The analytical credibility is at odds, stereotypically at least, with the military confidence and political necessities exemplified by McMaster, critics like Rhodes suggest.

McMaster, for his part, does not deny the role of confidence in his analysis.

“One of the aims of the book is strategic self-confidence,” McMaster said on Wednesday.

However, other critics have had more aggressive commentary.

A former West Point faculty member, Gregory Daddis, who reviewed McMaster’s book said that McMaster’s use of history belies “something more brutal,” recounting an incident where McMaster began a talk about working with allies by showing clips of his regiment unleashing destruction in the Middle East set to music. 

“While he may not be fond of war, he believes in it profoundly. And if not war necessarily, then certainly in the United States’ ability to coerce others into adhering to American interests with force or the threat of it,” Daddis wrote.

McMaster doesn’t view himself as a dove. He described views of American policy that throw the ills of the world on capitalism or colonialism as revealing a fundamental “arrogance.” It voids out the agency of others, and it is “an exercise in self-flagellation” and a “curriculum of mild self-loathing,” he said.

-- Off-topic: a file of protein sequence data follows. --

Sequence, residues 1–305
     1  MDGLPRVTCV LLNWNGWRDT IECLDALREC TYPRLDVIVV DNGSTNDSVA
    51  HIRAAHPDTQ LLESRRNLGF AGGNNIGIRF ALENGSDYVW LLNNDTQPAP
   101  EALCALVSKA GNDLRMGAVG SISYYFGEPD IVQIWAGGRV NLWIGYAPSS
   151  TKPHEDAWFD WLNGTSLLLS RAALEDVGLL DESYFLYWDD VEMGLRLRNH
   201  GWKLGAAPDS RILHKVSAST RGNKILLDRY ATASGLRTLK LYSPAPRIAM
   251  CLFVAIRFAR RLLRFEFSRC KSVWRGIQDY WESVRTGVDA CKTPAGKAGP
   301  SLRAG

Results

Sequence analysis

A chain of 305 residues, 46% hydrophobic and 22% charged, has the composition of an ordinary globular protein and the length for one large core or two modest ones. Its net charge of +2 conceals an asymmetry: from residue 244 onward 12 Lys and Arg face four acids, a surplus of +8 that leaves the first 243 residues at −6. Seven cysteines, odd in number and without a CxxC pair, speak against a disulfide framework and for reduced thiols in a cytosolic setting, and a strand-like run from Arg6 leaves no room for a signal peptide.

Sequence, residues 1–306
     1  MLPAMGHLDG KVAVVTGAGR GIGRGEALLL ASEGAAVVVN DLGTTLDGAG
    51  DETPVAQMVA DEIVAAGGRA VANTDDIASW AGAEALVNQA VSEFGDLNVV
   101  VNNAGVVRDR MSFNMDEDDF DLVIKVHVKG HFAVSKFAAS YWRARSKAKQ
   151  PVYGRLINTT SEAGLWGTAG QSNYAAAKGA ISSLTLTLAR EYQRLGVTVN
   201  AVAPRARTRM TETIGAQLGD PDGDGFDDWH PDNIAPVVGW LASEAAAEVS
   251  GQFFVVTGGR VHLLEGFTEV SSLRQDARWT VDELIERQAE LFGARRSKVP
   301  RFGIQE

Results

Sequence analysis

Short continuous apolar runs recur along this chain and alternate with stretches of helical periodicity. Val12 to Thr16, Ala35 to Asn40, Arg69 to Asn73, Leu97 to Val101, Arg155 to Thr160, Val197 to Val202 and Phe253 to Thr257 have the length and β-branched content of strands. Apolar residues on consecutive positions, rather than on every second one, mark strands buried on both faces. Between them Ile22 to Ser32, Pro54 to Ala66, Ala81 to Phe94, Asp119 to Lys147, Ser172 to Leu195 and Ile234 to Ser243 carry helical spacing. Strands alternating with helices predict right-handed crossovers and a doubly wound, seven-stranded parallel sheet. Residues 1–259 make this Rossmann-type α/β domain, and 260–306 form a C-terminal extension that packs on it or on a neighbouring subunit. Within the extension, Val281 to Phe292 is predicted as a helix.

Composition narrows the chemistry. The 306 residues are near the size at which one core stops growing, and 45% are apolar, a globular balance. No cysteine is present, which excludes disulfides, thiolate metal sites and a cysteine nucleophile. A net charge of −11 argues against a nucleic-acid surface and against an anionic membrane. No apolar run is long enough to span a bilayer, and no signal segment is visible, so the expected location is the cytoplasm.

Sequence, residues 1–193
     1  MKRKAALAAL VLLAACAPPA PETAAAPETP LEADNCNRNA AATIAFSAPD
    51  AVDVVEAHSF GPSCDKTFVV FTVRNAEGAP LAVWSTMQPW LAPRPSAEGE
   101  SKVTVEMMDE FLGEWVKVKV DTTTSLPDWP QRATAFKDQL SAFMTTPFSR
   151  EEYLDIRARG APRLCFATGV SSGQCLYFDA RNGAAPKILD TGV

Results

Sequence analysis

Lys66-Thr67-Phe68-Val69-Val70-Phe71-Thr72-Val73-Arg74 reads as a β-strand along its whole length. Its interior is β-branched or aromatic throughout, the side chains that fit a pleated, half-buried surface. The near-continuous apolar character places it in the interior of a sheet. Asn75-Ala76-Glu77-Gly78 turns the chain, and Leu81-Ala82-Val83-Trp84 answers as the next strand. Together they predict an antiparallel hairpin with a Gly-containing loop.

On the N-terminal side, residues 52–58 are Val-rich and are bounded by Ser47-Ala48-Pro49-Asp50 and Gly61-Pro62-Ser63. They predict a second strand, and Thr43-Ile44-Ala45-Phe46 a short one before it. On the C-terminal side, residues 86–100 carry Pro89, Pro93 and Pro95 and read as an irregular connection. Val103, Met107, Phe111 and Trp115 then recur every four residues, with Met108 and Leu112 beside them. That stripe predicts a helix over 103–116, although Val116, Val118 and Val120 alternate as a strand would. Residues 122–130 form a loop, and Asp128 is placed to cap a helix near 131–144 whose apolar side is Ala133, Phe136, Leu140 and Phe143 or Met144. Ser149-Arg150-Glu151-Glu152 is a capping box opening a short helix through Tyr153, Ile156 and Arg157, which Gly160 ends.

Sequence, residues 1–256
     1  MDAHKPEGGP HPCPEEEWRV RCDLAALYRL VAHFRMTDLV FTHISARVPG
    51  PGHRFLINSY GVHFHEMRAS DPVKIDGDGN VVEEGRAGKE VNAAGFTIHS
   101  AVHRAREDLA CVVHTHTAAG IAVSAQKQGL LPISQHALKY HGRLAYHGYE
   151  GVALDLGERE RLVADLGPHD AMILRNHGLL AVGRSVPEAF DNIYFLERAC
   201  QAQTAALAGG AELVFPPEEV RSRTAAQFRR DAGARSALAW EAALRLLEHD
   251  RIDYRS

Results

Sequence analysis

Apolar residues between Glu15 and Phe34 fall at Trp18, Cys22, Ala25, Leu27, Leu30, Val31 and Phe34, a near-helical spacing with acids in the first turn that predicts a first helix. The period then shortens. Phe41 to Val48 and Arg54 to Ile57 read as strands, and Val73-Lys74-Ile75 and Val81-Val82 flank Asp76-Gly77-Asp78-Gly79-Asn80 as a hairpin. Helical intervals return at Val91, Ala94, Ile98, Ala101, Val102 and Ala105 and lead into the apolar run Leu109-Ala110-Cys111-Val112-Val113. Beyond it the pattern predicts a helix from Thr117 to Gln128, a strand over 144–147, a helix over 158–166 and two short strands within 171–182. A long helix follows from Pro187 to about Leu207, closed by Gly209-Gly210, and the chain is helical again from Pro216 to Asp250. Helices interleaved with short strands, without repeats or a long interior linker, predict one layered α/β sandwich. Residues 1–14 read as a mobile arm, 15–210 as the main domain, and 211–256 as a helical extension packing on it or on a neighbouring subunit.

McMaster’s view of strategic narcissism, in fact, demands violence. Strategic narcissism leads not only to overconfident action but also to undervaluing the costs and consequences of inaction, he said Wednesday. Not enforcing the Syrian red line was one such example, the complete withdrawal from Iraq in 2013 was another.

This view extends into other conflicts as well.

“Sometimes war chooses you.” 

Geopolitics

Fiona Hill, a Nobody to Trump and Putin, Saw Into Them Both

WASHINGTON (AP) — Vladimir Putin paid scant attention to Fiona Hill, a preeminent U.S. expert on Russia, when she was... Read More

WASHINGTON (AP) — Vladimir Putin paid scant attention to Fiona Hill, a preeminent U.S. expert on Russia, when she was seated next to him at dinners. Putin's people placed her there by design, choosing a "nondescript woman," as she put it, so the Russian president would... Read More

CIA creates Working Group on China as Threats Keep Rising

WASHINGTON (AP) — The CIA said Thursday it will create a top-level working group on China as part of a... Read More